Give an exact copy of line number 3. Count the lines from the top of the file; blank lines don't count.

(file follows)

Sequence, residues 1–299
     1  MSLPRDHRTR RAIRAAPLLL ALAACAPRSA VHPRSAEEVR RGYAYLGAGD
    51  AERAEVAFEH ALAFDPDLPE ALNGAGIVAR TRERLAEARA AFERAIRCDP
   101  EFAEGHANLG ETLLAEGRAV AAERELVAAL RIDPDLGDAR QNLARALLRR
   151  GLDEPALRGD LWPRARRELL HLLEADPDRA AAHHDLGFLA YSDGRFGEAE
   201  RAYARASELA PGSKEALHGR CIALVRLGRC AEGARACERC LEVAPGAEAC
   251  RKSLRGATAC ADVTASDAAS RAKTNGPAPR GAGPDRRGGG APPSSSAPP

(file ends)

    51  AERAEVAFEH ALAFDPDLPE ALNGAGIVAR TRERLAEARA AFERAIRCDP